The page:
30.1 C
    Sunday, July 14, 2024

      Chipmakers Hint at Ease of Chip Supply More than Needed but Demand Recovery Still Slow | Details Inside

      Global chipmakers are celebrating the beginning of the end of a semiconductor supply More than Needed, but the outlook for demand from customers outside the artificial intelligence (AI) industry remains gloomy.

      All the major markets for chips, smartphones, PCs and data centres have shrunk in 2023, as both corporate customers and consumers scale back spending amid a weak global economy, high inflation and rising interest rates.

      This has create an unprecedent oversupply of commodity chips, causing a record combine KRW 15.2 trillion (approx. Rs. 98,650 crore) first-half operating loss for the world’s two largest memory chipmakers, Samsung and SK Hynix. 

      This glut has said to ease largely due to production cuts and as a decline in PC shipments eased to 11% in the June quarter compared to a 30% slump in each of the previous two quarters, data from tech analysts Canalys show.

      The smartphone market is also improving, with cellphone shipments falling 8% in the June quarter, versus 14% in the first quarter, according to research firm Counterpoint.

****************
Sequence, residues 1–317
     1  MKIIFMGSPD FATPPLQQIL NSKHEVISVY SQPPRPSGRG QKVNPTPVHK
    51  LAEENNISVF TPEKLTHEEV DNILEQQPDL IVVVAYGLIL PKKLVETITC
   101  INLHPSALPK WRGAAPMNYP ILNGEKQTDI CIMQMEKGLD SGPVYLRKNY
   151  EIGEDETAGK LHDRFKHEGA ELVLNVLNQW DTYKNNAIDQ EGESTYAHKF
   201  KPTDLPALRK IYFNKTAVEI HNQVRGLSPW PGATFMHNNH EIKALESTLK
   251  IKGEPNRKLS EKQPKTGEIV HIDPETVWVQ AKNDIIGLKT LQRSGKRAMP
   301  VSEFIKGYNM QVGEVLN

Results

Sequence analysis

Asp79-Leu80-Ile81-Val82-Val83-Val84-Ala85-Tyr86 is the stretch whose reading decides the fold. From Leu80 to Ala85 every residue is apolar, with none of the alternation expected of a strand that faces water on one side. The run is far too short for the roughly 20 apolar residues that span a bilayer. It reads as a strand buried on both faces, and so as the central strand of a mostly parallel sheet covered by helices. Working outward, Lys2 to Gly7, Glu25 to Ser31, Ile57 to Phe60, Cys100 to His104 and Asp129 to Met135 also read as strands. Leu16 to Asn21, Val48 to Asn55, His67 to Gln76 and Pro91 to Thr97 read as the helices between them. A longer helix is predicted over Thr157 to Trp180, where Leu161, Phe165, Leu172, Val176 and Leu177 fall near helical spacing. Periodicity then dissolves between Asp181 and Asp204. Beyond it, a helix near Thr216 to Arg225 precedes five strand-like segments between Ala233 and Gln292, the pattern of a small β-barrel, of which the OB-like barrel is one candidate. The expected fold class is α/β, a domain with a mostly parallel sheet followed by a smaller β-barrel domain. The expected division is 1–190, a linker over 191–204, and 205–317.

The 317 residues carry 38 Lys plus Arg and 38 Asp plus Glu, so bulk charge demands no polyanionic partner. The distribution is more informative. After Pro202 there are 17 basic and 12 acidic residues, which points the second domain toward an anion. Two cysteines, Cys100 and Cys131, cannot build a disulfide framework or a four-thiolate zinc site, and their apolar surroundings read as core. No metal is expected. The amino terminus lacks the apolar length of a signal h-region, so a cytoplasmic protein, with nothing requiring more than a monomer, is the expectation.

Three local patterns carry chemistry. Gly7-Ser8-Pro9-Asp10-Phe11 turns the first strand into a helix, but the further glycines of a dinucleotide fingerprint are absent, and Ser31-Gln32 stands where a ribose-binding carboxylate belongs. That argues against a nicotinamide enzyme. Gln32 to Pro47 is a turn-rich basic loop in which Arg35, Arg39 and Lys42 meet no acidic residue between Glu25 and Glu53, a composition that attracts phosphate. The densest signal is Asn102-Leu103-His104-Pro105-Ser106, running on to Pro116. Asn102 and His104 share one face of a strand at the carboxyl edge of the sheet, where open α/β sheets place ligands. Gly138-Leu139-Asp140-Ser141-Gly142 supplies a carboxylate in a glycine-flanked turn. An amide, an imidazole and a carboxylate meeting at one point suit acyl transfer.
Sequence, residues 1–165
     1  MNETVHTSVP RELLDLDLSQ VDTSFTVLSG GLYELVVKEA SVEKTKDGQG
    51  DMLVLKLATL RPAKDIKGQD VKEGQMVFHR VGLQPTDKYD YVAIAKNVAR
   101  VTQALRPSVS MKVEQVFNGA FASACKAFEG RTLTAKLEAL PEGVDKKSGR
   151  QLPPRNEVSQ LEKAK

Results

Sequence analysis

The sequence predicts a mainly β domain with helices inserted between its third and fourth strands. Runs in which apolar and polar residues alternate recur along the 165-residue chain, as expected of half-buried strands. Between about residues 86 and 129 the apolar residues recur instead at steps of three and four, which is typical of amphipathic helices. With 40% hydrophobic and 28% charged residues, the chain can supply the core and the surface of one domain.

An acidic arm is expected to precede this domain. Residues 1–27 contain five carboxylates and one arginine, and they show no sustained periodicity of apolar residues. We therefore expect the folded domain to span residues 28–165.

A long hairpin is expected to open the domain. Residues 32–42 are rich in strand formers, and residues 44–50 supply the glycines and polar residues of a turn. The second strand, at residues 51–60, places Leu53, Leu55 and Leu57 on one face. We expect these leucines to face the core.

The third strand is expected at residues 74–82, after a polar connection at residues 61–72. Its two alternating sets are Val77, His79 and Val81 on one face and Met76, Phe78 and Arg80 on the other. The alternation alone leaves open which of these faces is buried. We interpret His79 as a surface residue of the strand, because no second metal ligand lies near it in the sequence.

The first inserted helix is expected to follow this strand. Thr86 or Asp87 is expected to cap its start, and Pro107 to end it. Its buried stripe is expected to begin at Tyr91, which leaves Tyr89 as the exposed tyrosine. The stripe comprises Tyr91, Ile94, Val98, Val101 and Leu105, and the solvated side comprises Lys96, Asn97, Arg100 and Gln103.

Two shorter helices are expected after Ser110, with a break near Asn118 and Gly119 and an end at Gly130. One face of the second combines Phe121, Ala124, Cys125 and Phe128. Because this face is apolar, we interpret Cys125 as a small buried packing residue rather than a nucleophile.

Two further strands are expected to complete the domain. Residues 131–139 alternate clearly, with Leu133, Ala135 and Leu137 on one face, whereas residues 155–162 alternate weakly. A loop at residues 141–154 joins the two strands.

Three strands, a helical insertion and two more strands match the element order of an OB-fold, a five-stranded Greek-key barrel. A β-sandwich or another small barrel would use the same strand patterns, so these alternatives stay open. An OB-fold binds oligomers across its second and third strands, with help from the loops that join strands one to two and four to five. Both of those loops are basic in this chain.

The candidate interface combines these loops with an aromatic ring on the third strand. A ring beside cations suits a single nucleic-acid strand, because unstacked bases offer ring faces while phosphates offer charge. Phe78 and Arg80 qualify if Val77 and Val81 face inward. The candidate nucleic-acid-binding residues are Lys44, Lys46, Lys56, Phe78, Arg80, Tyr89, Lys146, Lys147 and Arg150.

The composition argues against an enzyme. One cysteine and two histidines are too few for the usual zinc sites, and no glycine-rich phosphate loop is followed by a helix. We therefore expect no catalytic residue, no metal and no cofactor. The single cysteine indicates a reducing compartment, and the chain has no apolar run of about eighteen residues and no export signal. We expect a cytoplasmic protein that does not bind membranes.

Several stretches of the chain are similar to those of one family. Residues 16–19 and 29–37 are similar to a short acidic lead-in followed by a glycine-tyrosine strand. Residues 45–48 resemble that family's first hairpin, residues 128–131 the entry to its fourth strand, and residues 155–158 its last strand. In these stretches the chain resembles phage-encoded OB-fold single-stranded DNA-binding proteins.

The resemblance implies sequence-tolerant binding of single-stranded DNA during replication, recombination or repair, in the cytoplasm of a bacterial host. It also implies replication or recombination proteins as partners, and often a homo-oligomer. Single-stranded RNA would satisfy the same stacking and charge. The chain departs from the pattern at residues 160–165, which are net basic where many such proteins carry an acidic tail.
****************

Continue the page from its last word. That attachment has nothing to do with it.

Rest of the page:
While demand for chips to support generative AI has rapidly increase since OpenAI’s ChatGPT was launch late 2022, the sector still accounts for a small fraction of overall chip demand and is crimping corporate spending on servers, as some companies prioritize investment in AI.

      Intel CEO Pat Gelsinger said an inventory glut in server central processing units (CPUs) will persist until the second half of the year and that data centre chip sales will decline modestly in the third quarter before recovering in the fourth quarter.

      Intel shares rose 6.4% Friday after stronger than expect results.

      ALSO READ  FIFA 23 Announced : Everything Which You Need to Know

      A sluggish recovery in China, the world’s biggest chip buyer, is also dampening the overall outlook.

      Both Samsung and SK Hynix said China’s reopening failed to live up to expectations that it would revive the smartphone market, and that they were extending production cuts of NAND memory chips, widely use in smartphones to store digital data.

      Analog chipmaker Texas Instruments, which has heavy exposure to China, forecast third-quarter revenue and profit below Wall Street targets, bog down by a sluggish recovery in end-market demand that has force clients to cancel orders.

      Manufacturers of the equipment use to make chips such as KLA Corp and Lam Research are early winners of the AI boom.

      Both companies forecast quarterly revenue above Wall Street estimates this week.

      Chipmakers are also increasing production of the high-end chips use to support AI relate chips.

      SK Hynix said demand for AI server memory had more than double in the second quarter compare to the first quarter.